The Cloverfield Paradox review: The third movie in the series arrives on Netflix with little warning and indeed marketing, but does it stand up to the quality of the previous instalments?
The Cloverfield Paradox review by Ben Read.
In the current Hollywood landscape of sequels, shared universes, and billion dollar series’, the Cloverfield universe is one of the more bizarre and perplexing franchises to emerge. Like the mysterious and ever-intriguing beast of the original, the films have all seemingly appeared from nowhere and gone on to wreak havoc at the box office (and industry itself). With that in mind, the third entry, The Cloverfield Paradox, has had quite a lot of expectation behind it. Does it live up to the strange, tense, and refreshingly original films that preceded it?
Like Cloverfield and 10 Cloverfield Lane before it, ‘Paradox’ mixes things up once again. This time by taking place largely on a space station orbiting the earth. The plot revolves around a group of scientists in 2028, attempting to solve the worlds energy crisis with a controversial particle accelerator. Despite multiple conspiracy theories and warnings of the horrors this machine could unleash, the group proceeds with their plans. From there, all manner of chaos and confusing threats emerge.
Unfortunately, it appears that this time the franchise’s greatest strength has now become its own worst enemy. The project initially began as a standalone sci-fi production, before being hijacked by Bad Robot and J.J. Abrams. Originally known as God Particle, this project was then moulded and configured to fit into the Cloververse. These changes are evidently apparent and result in a poorly constructed final product, that evokes memories of the all-too-recent Justice League debacle.
The film should be commended however, for finally attempting to provide answers to the original monster’s origin. And while this effort is a pleasant surprise, its last minute addition to the script is poorly conceived and lazy. This may satisfy some viewers, but may ultimately confuse many more in the process. On the other hand, the connective cameos sprinkled throughout the narrative are undoubtedly exciting.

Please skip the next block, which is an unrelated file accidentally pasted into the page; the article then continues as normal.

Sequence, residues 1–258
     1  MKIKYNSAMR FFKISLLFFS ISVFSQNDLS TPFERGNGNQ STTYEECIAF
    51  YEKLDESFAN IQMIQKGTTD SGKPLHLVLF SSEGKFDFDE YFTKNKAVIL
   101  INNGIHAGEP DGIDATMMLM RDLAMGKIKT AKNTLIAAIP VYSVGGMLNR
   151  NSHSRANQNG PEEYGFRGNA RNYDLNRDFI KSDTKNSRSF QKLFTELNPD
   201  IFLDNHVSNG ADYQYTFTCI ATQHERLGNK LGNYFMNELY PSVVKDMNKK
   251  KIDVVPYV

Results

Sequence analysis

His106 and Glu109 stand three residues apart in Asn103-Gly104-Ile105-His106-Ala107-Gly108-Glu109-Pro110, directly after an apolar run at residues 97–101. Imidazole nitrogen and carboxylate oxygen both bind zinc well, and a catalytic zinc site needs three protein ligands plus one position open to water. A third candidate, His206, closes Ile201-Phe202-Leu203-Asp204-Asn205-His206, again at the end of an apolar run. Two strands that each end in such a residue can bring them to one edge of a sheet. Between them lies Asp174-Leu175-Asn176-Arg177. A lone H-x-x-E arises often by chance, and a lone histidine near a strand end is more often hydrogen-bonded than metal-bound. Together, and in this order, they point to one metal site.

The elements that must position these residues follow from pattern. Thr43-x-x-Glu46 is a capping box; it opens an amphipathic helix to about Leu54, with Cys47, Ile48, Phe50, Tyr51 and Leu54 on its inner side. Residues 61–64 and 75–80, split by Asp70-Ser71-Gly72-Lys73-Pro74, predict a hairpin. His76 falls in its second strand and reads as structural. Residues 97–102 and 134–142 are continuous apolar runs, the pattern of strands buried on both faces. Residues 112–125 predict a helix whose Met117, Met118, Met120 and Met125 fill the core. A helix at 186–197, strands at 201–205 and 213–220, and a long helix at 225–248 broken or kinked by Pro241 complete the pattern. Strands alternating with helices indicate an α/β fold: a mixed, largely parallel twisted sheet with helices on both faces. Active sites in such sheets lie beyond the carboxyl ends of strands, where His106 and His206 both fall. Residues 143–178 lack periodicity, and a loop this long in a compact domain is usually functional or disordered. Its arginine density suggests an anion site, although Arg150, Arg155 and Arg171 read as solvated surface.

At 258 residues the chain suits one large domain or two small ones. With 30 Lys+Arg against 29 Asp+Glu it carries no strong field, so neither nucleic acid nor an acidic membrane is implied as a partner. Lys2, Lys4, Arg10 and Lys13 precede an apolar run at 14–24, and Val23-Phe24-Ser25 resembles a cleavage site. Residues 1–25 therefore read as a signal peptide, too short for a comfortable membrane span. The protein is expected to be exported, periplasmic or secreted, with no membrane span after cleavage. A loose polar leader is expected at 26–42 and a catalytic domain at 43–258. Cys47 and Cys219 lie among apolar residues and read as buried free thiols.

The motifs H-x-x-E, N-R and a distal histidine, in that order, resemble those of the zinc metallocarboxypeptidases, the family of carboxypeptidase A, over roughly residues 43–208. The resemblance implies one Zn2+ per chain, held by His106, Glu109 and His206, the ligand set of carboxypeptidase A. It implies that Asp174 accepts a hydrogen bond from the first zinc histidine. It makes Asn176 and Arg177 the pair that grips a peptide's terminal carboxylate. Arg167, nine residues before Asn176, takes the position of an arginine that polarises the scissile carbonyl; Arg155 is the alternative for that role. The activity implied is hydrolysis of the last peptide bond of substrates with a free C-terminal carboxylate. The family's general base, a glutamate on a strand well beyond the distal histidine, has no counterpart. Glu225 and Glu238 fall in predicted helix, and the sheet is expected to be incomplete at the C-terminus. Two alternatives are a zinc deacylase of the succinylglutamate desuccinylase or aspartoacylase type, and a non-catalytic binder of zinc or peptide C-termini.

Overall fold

Related: 10 Cloverfield Lane review
In spite of these flaws, Gugu Mbatha-Raw and David Oyelowo still manage to deliver powerful and impressive performances. The pair are clear standouts among a script that could have used some serious fine-tuning. The rest of the cast are left fighting for scraps, which leaves the ludicrously talented Daniel brühl in the dust. Chris O’Dowd also makes fleeting appearances as the the films unnecessary and off-putting comic relief.
The Cloverfield Paradox is a dull and messy entry in an otherwise exhilarating series, that comes across as a bad lovechild of Event Horizon and Prometheus. The end scene will easily be the highlight for fans of the original. But, for future sequels Abrams and co may have to realise that they cant always have their cake and eat it. Future additions should probably opt to keep references to a minimum (as the phenomenal 10 Cloverfield Lane did), or finally give fans a true sequel to the original found footage monster movie. With the conclusion opening up a universe of narrative possibilities, it will certainly be interesting to see where things are taken next. The upcoming Overlord, scheduled to release later this year, is rumoured to serve as a fourth instalment. So, it looks like we wont have long to wait.
The Cloverfield Paradox review by Ben Read, February 2018.
The Cloverfield Paradox is available on Netflix now.